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Stem Cell - Essay Example

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Stem cell research, and its applications, has the potential to be the most important medical breakthrough in our lifetime. It may one day be used to treat a myriad of diseases, conditions, and disabilities including Parkinson's and Alzheimer's diseases, spinal cord injury, and rheumatoid arthritis (Stem Cell Basics)…
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Stem Cell
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Breaking the Stem Cell Logjam Stem cell research, and its applications, has the potential to be the most important medical breakthrough in our lifetime. It may one day be used to treat a myriad of diseases, conditions, and disabilities including Parkinson's and Alzheimer's diseases, spinal cord injury, and rheumatoid arthritis (Stem Cell Basics). There is almost no area of medicine that will go untouched by this revolutionary research. As a person who comes from a family that has been impacted by hereditary, late-onset Parkinson's, the possibility that my grandchildren may be freed from the fear of this disease gives our family great optimism. For millions of others, the time has come to overcome the unfounded religious and political obstacles that have log-jammed this river of hope and proceed with stem cell research and development. The application of stem cell research is an ethical endeavor that could result in the saving of millions of lives, untold misery, and offer hope to millions that suffer from disease and disability.
Stem cell research is science. It is no less science than in-vitro fertilization, organ transplants, and blood transfusions. Our scientific tradition compels us to explore new uses for science and craft ways to put it to work to alleviate suffering and premature death. Blocking science for political purposes is unconscionable and as Kinsley reminds us, "Imagine being paralyzed by a spinal cord injury in your teens, watching for decades as medical treatment progresses but not quite fast enough, and knowing that it could have been faster." This concern is also shared by an overwhelming number of Americans.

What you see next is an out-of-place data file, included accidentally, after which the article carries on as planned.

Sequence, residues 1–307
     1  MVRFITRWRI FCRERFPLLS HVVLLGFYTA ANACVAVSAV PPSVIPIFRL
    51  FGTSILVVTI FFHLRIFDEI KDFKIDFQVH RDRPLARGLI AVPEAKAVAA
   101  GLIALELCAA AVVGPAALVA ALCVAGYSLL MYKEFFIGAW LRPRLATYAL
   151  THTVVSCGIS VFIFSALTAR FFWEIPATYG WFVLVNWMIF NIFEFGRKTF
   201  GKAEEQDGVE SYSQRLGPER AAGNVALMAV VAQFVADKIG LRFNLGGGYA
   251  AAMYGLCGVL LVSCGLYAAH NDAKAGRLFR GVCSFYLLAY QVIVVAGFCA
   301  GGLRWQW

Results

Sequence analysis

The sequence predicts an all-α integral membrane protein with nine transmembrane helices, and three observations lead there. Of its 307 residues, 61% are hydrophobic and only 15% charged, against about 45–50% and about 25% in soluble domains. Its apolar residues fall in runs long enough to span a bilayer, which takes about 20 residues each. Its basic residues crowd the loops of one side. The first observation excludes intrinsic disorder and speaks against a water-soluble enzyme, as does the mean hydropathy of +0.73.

While most Americans favor moving ahead with stem cell research, those that oppose it most often cite religious objections as their reason (Americans Speak Out). Strict conservative Christians have blocked federal funding for increased research as they have mistakenly related it to the abortion issue. However, just as we do not allow scientists to dictate religion, we should also not allow a political party that is dominated by religion to make policy on scientific research.
Religious leaders rally the opposition by conjuring up visions of horrible experiments gone wrong and attempt to instill fear, such as Woodward when he states, "...[T]he church remembers how Nazi doctors experimented on Jewish prisoners [...] like the surplus human embryos...". Yet, these embryos have no form, no feeling, and no conception. They have never been in a woman's body and are simply biological tissue that can reward millions. Fears of a slippery slope into a future of farming babies to harvest their cells and eventually their organs is not realistic. It has not happened within our very successful organ transplant programs and it will not happen with stem cells.
Stem cell research is a science that has the potential to touch each and every one of us someday in the near future. Yet, while most people favor moving into the future in this important area, efforts to do so are blocked by political leaders dependent on the Christian Right for campaign donations and reelection. Their fears of a future where mad scientists perform heinous and unethical experiments on human life is unfounded. It's time to remove the stem cell logjam and open the river of hope.
Works Cited
Americans Speak Out on Stem Cell Research. Research America. Charlton Research Company, 2005. 23 Aug. 2006 .
Kinsley, Michael. "Reason, Faith, and Stem Cells." Pittsburgh Post-Gazette 1 Sept. 2000, Region ed., sec. A: 23+.
Stem Cell Basics. National Institute of Health. Bethesda, MD: NIH, 2005. 23 Aug. 2006 .
Woodward, Kenneth L. "A Question of Life or Death: Untangling the Knottiest of Ethical Dilemmas." Newsweek 9 July 2001: 31+. Read More
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